Through the program, I was placed in Dr. Que Lan’s entomology lab at UW-Madison, beginning in 2009. While there, I worked on a project involving sterol carrier protein-2, a protein involved in cholesterol uptake in mosquitoes.Notably, I am still working in Dr. Lan’s lab, however my research focus has shifted to bacterial fermentation. In between working in Dr. Lan’s lab, I also worked at the Forest Products Laboratory (USDA).

Additionally, this past June, I began an internship at Promega in the Scientific Applications department. Here I work to develop new applications for existing projects. This November marks five years of laboratory research for me, which would not have been possible without the Youth Apprenticeship Program and everyone involved. In addition to the specific labs that I have had the opportunity to work in, my experience in the Youth Apprenticeship Program has allowed me to emerge as a leader in my college lab courses. The program has clearly made a phenomenal impact on my life and is something I am very grateful for.”

Photo credit: BTC Institute.

Photo credit: BTC Institute.

Since 1993, the BTC Institute in partnership with the Dane County School Consortium has helped make such opportunities possible to nearly 300 students from public schools throughout Dane County. The program includes a paid apprenticeship in an industry or UW-Madison research lab and specialized instruction. In addition to being paid for their work, students receive high school credit for their participation in the worksite and the specialized biotechnology course held at the BTC Institute.

One aspect of the program that makes it so effective and unique is the amount of time that students spend working. Youth apprentices who start as juniors in the program must work 900 paid work hours to earn the Science, Technology, Engineering and Math (STEM) Skill Standards Certificate from the State of Wisconsin, youth apprentices who start work as seniors must earn 450 work hours. Students have had employment at a variety of companies and UW-Madison research labs, a few examples that have hired multiple apprentices include Genus PIC (ABS), MOFA Global, Promega and laboratories in the UW-Madison Departments of Bacteriology, Biochemistry, Entomology, Genetics, Horticulture, Plant Pathology and Surgery. Many of the students, like Ellyn, continue to be employed by their worksite long after they graduate from high school—proof of how effective this program is in helping to create the next generation STEM workforce.

Each year the BTC Institute hosts a Youth Apprenticeship Program preview night for all of the Dane County youth apprenticeship options: biotechnology, automotive technician, health services, and many more (www.dcsc.org). This year the preview nights will be held February 24 and 25 starting at 5:00pm. Students in grades 10 and 11 who are interested in learning more about the program are encouraged to attend one of the evening sessions with a parent.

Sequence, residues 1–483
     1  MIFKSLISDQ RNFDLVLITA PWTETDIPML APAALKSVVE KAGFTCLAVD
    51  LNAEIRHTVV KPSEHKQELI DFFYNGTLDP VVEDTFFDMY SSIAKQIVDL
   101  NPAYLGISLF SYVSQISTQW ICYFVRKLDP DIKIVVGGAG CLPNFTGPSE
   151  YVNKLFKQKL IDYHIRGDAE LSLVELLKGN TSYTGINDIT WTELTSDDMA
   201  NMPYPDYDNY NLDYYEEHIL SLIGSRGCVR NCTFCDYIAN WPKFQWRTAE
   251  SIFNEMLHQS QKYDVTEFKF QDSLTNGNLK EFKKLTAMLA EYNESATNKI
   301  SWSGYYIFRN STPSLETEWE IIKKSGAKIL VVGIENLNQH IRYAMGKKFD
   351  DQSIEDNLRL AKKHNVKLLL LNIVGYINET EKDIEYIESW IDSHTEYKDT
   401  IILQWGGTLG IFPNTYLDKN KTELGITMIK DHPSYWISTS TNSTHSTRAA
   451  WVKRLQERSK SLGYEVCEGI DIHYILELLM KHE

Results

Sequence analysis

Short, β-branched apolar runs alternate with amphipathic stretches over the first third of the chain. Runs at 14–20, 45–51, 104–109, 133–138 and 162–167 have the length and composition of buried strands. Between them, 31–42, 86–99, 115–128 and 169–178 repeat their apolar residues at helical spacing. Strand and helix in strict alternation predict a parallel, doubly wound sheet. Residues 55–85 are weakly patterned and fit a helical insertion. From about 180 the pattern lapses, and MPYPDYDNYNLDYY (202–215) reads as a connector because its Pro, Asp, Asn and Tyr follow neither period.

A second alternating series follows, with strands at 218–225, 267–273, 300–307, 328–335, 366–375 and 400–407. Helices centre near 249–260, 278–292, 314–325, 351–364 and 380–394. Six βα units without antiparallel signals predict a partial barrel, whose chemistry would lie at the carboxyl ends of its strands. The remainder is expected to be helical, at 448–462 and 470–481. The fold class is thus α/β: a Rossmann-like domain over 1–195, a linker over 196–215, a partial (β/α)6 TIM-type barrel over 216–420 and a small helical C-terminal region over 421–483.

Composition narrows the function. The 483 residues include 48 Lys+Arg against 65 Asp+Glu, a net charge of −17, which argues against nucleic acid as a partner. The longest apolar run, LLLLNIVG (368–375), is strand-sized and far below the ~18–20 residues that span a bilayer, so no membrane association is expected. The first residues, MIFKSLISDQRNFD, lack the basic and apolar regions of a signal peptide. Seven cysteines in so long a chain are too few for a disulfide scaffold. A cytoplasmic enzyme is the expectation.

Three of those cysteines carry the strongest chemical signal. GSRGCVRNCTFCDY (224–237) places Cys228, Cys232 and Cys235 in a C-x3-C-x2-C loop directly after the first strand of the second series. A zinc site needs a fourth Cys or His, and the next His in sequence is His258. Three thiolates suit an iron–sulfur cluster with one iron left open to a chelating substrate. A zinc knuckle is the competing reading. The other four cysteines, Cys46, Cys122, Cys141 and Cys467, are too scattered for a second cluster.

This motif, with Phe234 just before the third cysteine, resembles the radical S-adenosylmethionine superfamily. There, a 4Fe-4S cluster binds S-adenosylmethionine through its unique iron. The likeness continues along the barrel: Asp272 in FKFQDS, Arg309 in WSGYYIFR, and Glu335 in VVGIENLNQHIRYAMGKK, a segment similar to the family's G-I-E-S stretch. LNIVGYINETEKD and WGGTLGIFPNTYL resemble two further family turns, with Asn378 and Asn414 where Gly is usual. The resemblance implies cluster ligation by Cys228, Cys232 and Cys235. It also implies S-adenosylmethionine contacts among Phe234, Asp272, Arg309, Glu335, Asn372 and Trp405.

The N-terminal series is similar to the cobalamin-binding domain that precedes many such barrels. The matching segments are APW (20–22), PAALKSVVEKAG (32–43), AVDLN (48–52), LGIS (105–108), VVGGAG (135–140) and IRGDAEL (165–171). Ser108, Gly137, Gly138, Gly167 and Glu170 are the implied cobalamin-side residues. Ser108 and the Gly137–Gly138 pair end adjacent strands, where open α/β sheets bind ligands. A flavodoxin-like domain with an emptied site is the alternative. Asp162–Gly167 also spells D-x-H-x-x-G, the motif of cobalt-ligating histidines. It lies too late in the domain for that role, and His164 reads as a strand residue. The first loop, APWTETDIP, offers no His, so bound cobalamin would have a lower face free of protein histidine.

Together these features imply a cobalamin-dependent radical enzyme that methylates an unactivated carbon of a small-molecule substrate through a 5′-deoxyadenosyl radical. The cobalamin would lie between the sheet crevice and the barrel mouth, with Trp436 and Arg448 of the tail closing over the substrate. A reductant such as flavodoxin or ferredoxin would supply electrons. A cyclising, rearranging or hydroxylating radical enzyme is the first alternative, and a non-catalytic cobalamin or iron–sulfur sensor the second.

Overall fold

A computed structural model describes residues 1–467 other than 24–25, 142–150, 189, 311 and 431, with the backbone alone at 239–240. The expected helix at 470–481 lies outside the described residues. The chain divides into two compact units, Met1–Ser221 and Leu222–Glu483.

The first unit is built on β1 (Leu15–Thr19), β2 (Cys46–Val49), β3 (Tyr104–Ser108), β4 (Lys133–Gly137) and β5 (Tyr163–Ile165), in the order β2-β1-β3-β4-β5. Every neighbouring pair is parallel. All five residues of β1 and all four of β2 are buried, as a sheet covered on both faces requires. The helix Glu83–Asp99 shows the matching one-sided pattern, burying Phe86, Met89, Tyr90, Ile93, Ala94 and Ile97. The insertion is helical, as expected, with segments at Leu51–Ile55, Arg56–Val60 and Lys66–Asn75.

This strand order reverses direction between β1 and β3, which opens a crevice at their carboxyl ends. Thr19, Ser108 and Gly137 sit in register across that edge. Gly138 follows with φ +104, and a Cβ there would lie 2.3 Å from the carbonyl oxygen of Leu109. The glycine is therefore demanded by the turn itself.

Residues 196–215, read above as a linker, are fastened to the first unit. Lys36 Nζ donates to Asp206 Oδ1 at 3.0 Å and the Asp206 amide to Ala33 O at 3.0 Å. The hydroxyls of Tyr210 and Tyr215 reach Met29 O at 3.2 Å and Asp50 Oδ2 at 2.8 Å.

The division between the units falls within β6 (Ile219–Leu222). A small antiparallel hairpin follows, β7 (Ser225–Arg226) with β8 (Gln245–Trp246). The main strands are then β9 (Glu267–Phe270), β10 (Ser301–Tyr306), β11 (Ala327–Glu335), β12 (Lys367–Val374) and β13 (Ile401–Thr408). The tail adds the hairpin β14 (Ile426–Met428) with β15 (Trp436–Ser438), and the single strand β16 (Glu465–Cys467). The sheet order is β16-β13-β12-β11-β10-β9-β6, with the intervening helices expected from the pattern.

Opportunities for High School Students to Learn at the BTC Institute

Paul Simon famously sang about what it was like to engage as a learner in a high school environment—though his lack of education certainly hasn’t hurt him any, I do wonder about reading the “writing on the wall”. Frequently, in Education, we talk about the challenges of preparing students for careers that have yet to be invented. What to do?

One major initiative within K-16 education can broadly be referred to as “21st Century Skills”—those that are needed for individuals to be successful contributors in a society where concrete goals are moving targets. Though we don’t know the exact details, we’re pretty sure that there are some basic elements that all people will need to be successful contributors to society.

Partnership for 21st Century Skills has built a framework for understanding and aligning our education system toward these skills:

Photocredit: Partnership for 21st Century Skills http://www.p21.org/about-us/p21-framework

Photocredit: Partnership for 21st Century Skills http://www.p21.org/about-us/p21-framework

Applying this model to educational programming takes a lot of innovation and hard work on the part of instructors as well as students. However, students who have the opportunity to engage with a teaching and learning system that makes use of these concepts can reap big rewards when it comes to being able to understand how their learning can be applied to solving problems. Here at the BTC Institute, we have been fortunate to work with the Dane County (Wisconsin) School Consortium to develop two offerings for high school students in the area of biotechnology that really work within this model and give students the contextualization they need to develop academic and career skills. Continue reading